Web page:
Which leads us to the open letter which Metro councilor Robert Liberty sent to TriMet last week, and which was posted on Metro's website today (as well as incorporated in the Metro-spam-stream for those who subscribe to it, such as yours truly).  It is reproduced here:

TriMet Board of Directors
4012 SE 17th Ave.
Portland, OR 97202
June 6, 2010

Dear President Van Beveren and members of the TriMet Board of Directors:

Congratulations on your recent hiring of Neil McFarlane as General Manager.

I have served on committees with Mr. McFarlane and found him competent, thoughtful and easy to work with. I look forward to working with him in his new role as General Manager McFarlane and expect him to be a capable leader of TriMet.

However, the process by which the Board selected a new General Manager concerns me.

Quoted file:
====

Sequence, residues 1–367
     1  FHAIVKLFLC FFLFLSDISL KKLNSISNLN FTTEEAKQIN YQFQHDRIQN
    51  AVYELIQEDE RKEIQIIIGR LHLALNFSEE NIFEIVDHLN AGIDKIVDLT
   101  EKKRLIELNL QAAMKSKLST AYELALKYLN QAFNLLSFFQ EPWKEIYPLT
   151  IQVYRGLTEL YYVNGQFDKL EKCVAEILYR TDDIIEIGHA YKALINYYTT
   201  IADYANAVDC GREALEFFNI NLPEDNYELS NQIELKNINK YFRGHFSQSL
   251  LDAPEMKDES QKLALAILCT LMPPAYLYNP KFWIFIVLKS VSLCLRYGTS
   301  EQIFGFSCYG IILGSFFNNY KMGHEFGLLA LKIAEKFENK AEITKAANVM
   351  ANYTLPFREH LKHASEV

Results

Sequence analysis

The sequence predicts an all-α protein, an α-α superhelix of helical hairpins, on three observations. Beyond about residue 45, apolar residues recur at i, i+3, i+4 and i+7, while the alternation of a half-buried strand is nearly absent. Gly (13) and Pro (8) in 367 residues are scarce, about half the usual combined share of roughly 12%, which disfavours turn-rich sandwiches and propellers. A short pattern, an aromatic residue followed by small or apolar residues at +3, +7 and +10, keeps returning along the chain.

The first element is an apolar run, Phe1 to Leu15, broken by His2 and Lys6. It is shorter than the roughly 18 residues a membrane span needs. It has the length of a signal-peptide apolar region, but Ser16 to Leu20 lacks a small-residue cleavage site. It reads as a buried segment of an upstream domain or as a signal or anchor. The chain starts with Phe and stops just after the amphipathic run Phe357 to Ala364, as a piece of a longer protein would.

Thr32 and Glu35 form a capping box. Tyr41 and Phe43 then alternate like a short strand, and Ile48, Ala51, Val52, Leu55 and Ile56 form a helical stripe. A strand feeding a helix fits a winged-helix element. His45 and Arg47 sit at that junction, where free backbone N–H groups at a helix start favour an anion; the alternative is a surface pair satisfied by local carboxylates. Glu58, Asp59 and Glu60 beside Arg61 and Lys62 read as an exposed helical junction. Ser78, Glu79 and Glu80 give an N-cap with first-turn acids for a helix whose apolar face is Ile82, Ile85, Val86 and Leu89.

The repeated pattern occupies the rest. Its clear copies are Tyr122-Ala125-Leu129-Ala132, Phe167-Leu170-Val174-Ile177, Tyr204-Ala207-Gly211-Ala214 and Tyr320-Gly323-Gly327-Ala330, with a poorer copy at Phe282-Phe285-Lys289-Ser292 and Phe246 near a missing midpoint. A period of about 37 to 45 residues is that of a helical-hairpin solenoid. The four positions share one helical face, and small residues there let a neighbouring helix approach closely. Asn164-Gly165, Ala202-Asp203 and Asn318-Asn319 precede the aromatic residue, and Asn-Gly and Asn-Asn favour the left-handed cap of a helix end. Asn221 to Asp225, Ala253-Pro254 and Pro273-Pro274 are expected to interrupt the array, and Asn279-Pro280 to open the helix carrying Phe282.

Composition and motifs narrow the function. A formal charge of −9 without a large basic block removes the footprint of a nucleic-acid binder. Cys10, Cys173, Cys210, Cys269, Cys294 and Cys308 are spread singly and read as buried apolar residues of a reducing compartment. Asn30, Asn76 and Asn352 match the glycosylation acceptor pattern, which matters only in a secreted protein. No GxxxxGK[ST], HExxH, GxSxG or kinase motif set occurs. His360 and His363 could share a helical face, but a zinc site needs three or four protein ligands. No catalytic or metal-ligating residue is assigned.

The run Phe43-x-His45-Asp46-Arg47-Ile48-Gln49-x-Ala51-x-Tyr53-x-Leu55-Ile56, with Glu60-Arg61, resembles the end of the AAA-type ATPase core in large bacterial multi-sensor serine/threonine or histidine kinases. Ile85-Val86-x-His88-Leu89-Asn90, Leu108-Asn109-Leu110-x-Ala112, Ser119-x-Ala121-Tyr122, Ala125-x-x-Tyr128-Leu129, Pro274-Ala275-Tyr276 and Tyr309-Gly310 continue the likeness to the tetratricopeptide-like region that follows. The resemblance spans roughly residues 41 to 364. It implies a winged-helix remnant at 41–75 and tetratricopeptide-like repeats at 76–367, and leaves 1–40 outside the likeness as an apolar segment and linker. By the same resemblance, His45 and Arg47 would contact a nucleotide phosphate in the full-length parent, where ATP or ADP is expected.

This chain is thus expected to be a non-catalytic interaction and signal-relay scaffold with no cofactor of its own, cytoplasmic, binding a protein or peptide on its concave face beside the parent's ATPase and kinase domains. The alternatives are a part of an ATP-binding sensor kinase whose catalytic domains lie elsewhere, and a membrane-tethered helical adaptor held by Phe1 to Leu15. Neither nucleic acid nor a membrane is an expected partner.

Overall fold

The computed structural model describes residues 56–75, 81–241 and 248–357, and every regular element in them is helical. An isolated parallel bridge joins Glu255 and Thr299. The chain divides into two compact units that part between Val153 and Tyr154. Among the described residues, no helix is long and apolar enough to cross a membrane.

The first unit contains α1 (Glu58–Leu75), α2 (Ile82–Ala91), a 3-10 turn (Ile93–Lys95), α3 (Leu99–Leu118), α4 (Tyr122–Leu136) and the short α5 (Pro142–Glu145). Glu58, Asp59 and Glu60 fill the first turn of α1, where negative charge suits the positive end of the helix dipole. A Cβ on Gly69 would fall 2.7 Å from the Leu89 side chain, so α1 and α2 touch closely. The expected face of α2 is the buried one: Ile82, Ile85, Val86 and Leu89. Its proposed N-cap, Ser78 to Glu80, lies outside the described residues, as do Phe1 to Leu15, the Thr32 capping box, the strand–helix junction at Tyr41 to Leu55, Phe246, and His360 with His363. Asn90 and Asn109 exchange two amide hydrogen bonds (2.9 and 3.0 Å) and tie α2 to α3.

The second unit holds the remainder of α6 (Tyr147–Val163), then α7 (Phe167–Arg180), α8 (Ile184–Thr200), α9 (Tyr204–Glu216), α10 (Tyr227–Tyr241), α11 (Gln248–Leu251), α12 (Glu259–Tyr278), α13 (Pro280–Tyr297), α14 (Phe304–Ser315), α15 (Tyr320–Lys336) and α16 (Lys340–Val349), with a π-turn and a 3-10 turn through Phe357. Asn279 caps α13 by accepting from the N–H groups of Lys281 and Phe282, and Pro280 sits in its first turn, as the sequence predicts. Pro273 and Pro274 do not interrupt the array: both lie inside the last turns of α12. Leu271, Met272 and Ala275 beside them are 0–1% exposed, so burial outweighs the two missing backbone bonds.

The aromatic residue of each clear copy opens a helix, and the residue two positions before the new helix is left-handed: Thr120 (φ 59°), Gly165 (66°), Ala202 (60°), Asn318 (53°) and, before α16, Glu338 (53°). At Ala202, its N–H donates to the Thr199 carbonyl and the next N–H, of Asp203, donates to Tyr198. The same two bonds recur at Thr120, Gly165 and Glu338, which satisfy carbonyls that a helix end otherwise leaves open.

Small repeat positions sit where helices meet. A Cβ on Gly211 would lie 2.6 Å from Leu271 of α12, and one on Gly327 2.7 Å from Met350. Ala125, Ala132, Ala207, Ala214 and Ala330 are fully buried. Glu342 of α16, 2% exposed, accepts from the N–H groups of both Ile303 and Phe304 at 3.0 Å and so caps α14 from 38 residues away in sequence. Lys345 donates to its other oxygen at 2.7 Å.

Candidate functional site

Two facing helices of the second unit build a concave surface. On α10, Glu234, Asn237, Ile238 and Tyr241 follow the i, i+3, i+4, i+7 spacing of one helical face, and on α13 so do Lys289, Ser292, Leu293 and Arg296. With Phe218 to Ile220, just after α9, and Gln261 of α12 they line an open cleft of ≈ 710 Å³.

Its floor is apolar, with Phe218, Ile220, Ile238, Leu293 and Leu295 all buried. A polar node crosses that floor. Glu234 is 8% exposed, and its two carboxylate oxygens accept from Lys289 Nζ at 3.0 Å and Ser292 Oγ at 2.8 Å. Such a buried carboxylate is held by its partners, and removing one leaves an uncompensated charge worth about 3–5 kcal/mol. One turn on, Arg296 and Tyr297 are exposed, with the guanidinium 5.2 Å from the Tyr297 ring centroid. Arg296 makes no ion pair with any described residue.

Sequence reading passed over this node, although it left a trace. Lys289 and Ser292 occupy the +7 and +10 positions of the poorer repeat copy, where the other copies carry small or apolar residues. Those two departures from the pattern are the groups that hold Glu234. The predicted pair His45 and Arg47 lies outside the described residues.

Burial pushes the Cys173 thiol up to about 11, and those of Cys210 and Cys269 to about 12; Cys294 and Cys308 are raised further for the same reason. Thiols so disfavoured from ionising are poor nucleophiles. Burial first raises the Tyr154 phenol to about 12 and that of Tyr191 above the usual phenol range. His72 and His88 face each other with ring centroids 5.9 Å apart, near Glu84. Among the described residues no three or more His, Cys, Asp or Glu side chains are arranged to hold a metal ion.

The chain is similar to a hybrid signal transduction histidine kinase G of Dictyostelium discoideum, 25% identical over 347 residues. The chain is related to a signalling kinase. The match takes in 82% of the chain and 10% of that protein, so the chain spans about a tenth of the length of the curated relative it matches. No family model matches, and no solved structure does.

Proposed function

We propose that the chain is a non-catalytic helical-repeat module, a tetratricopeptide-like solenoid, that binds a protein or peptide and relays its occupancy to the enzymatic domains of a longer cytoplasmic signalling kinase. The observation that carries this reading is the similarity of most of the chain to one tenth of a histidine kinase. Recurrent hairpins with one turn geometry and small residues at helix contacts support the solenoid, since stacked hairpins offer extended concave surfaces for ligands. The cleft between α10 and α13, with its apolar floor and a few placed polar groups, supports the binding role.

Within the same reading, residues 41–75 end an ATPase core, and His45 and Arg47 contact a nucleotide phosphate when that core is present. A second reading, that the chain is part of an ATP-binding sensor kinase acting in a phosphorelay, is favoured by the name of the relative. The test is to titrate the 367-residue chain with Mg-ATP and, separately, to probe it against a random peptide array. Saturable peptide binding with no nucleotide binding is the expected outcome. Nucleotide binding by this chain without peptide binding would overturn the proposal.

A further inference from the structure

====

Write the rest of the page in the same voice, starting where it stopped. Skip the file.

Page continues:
Fred Hansen's retirement was announced on March 17. I expected Mr. Hansen's retirement to be used as an occasion to hold public hearings to solicit comments from the public regarding the opportunities and challenges facing the transit agency and how those opportunities and challenges should inform the choice of the next General Manager.

The hearings would have allowed the public to comment on very basic questions of strategy, such as trade-offs between capital and operating costs for light rail versus buses, how to extend transit services to the outer portions of the region, integrating land use and transportation investments, and the long-term financial health of the agency.

I expected the selection of a search committee that would draw on not just the TriMet Board and a few local officials but also prominent members of the regional community.